There is one more important point that Savall emphasises: »Haydn composed 107 symphonies, Mozart 41 and Beethoven only nine – every one of which represents a revolution, a reboot. And he wasn't only writing for an elite audience like Haydn or Mozart, he was writing for mankind. Beethoven tried to express himself very directly, and when you're coming from the Baroque repertoire like me and my musicians, every bar, every phrase is a surprise.«

EVERY CORNER OF THE WORLD :Jordi Savall as a cosmopolitan musician

Savall's work consists as much of taking a new look at familiar repertoire as it does of approaching unfamiliar music without prejudice. And he always has today's people in mind when he digs around in the past. No musical corner of the world seems too distant for him: he has explored the music of desert peoples in Africa and Asia and the musical traditions of indigenous South American peoples, and has put them on stage with local musicians and his own ensembles.

In 2016 he was moved by the floods of refugees heading to Europe, and visited camps in Calais und Thessaloniki. His verdict: »The refugee situation in Europe is nothing short of scandalous. It goes against everything that Europe should be doing to help these people.« With his ensemble Hespèrion XXI, many of whose members in the meantime hail from Syria,  Greece, Morocco and Turkey, Savall organised benefit concerts with 14th century music from southern Europe which has a good deal in common with the music of the Oriental countries that the refugees come from.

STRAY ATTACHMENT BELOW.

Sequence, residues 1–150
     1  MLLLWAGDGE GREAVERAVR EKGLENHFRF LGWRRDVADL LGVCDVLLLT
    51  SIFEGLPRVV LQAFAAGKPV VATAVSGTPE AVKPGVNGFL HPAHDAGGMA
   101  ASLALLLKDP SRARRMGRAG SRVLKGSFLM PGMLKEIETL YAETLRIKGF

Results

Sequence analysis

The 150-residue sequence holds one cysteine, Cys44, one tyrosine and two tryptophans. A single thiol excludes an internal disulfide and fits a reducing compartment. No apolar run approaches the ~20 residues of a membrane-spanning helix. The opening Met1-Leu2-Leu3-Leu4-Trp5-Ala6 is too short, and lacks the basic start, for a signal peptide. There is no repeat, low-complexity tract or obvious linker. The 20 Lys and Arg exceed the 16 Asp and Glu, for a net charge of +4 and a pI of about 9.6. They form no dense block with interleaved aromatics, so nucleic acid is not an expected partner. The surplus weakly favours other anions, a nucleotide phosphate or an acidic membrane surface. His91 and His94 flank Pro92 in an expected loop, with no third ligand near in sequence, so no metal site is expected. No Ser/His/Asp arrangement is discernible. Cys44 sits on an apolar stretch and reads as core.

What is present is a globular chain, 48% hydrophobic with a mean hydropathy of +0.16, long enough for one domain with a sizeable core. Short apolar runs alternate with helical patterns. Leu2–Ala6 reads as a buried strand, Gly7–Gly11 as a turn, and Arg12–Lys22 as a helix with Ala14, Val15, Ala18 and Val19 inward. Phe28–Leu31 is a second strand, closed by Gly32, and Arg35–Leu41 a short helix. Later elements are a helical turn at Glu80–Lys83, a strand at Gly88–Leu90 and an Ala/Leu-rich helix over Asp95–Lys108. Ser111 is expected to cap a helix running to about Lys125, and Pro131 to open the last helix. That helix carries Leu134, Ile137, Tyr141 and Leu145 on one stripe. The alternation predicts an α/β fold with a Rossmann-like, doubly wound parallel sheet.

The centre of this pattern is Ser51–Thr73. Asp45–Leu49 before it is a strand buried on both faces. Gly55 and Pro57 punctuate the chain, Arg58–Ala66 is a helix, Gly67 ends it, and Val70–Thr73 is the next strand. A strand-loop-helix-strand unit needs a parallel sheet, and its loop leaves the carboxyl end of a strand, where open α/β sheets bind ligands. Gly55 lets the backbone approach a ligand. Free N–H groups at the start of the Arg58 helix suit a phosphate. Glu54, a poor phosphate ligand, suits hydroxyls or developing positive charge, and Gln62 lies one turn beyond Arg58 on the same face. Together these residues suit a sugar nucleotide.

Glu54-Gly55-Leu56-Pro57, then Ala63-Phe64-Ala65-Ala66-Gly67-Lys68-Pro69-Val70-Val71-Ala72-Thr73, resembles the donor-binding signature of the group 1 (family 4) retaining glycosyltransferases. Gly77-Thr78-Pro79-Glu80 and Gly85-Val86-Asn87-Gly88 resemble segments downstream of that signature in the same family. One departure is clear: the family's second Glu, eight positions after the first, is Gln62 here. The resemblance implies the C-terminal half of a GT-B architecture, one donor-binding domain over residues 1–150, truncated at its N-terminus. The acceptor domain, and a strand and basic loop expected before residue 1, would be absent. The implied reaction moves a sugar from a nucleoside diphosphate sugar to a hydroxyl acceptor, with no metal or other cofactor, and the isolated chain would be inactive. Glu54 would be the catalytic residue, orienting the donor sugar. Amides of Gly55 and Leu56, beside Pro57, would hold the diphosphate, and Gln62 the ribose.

Jordi Savall
Jordi Savall © David Ignaszewski

ALL THE MORNINGS OF THE WORLD :A film about music

Jordi Savall had his greatest success with a wider public eaxctly 30 years ago in the cinema: he wrote the music for director Alain Corneau's film »Tous les matins du monde«. Savall did not really have any experience of film productions, but he soon realised that this project was not supposed to be just a music film, but a film about music. The film tells the story of master viol player Monsieur de Sainte-Colombe from the second half of the 17th century, who lives in bitterness and seclusion in the country near Paris. His ambitious young pupil Marin Marais, completely his opposite in terms of character, visits him and upsets the ageing master's hardened view of the world.

Savall choose music by François Couperin, Jean-Baptiste Lully and of course the two main characters for his soundtrack – and brought such sensitivity and intimate understanding to the task that he must already have been using his time machine in those days. Be that as it may: when he gets this famous programme out of the garage to play it in time for the Elbphilharmonie's fifth anniversary, we can be sure it will sound as if it had only just been written.


Text: Renske Steen, last updated: 29.11.2021
English translation: Clive Williams

Konzert-Streams :Jordi Savall dirigiert Beethoven in der Laeizhalle

Jordi Savall
Jordi Savall © Daniel Dittus

Beethovens 6. Sinfonie »Pastorale«

Jordi Savall
Jordi Savall © Daniel Dittus